A variety of governmental, professional, child-health, and coalition groups - including the Association of MCH Programs - have developed recommendations for action to address poor oral health among US children.
One of the most comprehensive efforts to date, was a March 2000 US Surgeon General's invitational Workshop on Children and Oral Health . This forum convened 100 experts from a variety of disciplines to make recommendations to government and the public. Its 8 major proposals were presented at the June 2000 Surgeon General's Conference, The Face of the Child (52).
Background papers and fact sheets prepared for the Workshop include contributions on oral health disparities, ethical issues in pediatric oral health, US demographic and social trends affecting the health of young children, workforce issues, dental care delivery systems, science-based trends, strategic communications, and a review of state/ regional/ and national initiatives on pediatric oral health.
These recommendations can be used as action steps to help our nation's children obtain and enjoy the benefits of oral health. Within the general action steps described below are action steps specific to the MCH Title V Block Grant Porgram As suggested by AMCHP in its issue brief Putting Teeth in Children's Oral Health Policy and Programs: The State of Children's Oral Health and the Role of State Title V Programs.
Includes establishing a child’s dental home at age one, identifying high-risk children and promoting individualized preventive regimens in both medical and dental practice, developing community-based health coordinators to promote ongoing integration of oral health with general health care, developing day-care accreditation standards on oral health, and addressing the oral health needs of caregivers to promote more widespread attention to oral health.
Title V can ensure that the provision and promotion of dental and oral health services are integrated into all aspects of maternal and child health program implementation, needs assessment, policies, and planning, including those affecting children with special health care needs (CSHCN).
Oral health status should be incorporated into every
Includes developing common core curricula on oral health for all health professionals and developing accreditation standards, guidelines, and performance measures that assure the inclusion of oral health promotion and, where appropriate, treatment in professional training and practice.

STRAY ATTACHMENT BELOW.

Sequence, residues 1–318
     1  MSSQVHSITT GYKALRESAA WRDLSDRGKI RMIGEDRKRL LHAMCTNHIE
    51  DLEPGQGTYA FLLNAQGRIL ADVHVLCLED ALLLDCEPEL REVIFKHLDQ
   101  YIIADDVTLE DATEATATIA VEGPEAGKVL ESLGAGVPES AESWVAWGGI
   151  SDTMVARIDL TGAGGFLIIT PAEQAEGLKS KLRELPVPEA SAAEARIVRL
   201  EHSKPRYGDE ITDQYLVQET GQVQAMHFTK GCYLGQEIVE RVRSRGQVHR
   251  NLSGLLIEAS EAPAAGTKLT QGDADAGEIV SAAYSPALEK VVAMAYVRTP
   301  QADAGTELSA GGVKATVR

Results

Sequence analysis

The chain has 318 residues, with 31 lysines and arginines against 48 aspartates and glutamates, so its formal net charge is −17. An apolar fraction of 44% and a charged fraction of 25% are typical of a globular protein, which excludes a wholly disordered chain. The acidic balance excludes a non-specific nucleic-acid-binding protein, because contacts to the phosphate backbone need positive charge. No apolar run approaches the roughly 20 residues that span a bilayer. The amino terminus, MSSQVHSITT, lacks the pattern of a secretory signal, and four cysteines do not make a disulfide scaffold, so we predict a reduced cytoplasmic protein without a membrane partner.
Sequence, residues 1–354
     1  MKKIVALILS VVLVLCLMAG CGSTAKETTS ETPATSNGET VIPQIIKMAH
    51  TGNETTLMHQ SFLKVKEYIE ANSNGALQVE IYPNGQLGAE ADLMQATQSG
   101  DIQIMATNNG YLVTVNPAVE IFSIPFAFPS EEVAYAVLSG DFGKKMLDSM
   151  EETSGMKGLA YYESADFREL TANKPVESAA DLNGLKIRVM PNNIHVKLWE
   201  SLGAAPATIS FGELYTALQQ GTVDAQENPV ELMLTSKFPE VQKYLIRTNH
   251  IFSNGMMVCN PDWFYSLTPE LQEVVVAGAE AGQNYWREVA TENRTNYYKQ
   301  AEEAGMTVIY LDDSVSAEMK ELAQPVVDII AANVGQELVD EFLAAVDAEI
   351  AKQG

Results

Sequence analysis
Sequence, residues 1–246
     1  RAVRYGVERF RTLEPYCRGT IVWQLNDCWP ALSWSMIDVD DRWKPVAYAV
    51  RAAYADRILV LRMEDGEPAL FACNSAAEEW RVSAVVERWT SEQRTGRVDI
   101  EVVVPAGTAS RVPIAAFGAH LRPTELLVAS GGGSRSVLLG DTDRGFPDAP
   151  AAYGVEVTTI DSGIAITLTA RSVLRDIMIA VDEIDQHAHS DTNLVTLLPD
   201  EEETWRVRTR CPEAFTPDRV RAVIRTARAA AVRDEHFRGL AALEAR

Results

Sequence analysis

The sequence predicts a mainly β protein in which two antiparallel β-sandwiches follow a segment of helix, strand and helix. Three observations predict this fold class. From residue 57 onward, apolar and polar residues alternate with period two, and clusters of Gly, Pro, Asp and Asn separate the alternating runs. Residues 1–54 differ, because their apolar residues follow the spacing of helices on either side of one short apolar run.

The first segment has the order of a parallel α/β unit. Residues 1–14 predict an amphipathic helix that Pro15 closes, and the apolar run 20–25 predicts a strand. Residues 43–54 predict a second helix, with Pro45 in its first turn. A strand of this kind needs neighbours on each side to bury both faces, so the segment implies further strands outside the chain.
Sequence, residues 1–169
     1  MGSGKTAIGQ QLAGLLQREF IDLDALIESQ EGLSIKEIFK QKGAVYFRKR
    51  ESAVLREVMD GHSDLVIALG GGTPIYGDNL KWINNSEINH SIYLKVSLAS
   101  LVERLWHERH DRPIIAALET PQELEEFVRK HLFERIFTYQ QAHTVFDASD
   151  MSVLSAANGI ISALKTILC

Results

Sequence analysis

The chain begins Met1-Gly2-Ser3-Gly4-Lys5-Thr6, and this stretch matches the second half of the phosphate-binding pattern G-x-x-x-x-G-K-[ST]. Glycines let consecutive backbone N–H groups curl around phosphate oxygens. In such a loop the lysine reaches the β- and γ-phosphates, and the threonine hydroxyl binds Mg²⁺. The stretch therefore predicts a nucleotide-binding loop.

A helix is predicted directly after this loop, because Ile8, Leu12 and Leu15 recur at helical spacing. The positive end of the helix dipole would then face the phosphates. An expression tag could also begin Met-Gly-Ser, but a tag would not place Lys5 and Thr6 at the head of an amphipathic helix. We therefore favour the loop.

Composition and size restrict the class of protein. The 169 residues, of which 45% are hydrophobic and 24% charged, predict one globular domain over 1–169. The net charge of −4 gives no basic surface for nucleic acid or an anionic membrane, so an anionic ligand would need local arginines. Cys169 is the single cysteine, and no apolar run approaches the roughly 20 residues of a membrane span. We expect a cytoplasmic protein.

Title V can assist in training private and public health care practitioners about the oral health needs of children, pregnant women and other vulnerable populations, to ensure that these needs are covered in a comprehensive exam.
Title V can utilize its knowledge of training to expand the capacity of private and public sectors, to ensure oral health needs are incorporated into routine primary and preventive care.
Includes promoting school-based prevention, education, screening , and referral programs on oral health and developing performance measures and tracking systems to ensure that these programs are effectively implemented.
Title V can become involved in the development and/or acceptance of appropriate standards of care as well as more extensive performance measures to monitor what level of dental care children get.
Performance measures can be used to assess and evaluate dental health services, for example, what percentage of children enrolled in Medicaid and CHIP actually get dental services, reparative services, or complete care.
Includes developing activist coalitions that ensure stable-funded, community-based comprehensive health promotion and disease prevention and crafting messages that specifically target providers,policy makers, and the public.
Title V can collaborate with oral public health programs, private dental delivery systems, dental schools and associations and others, to raise awareness of oral health needs of children (especially CSHCN), and pregnant women, to ensure access to care and to evaluate existing and new program approaches.
Includes expanding the range and utility of science-based interventions; developing an evidence base on the effectiveness of oral disease management techniques; and developing a coordinated agenda across basic, applied , and health services research to promote oral health and effective dental care.
In many states, Title V plays a significant role in the development of prevention programs, such as fluoridation programs, screening and oral health education. However, some states do not have dental director or public health program. Thus, Title V can collaborate with the Association of Maternal and Child Health Programs (AMCHP) to ensure all states have a public oral health program.
Includes demonstrating cost benefits of prevention and disease management, overhauling Medicaid Early and Periodic Screening Diagnostic and Treatment Program (EPSDT) dental programs, encouraging provider participation in Medicaid through various incentives, and enhancing the strength and viability of the dental safety net.
Title V can allocate appropriate staff, time, training and funds to identify, target, and help treat high risk children, including CSHCN.
Includes prioritizing community-based educational experiences for dentists and hygienists in training; expanding the number of pediatric and public health dentists; engaging allied personnel more effectively, especially in health promotion and disease prevention, and encouraging an expanded number of minority providers in the dental professions.
Through training and capacity building, Title V can help increase the number and quality of dental health auxiliaries to alleviate the provider shortage in underserved areas.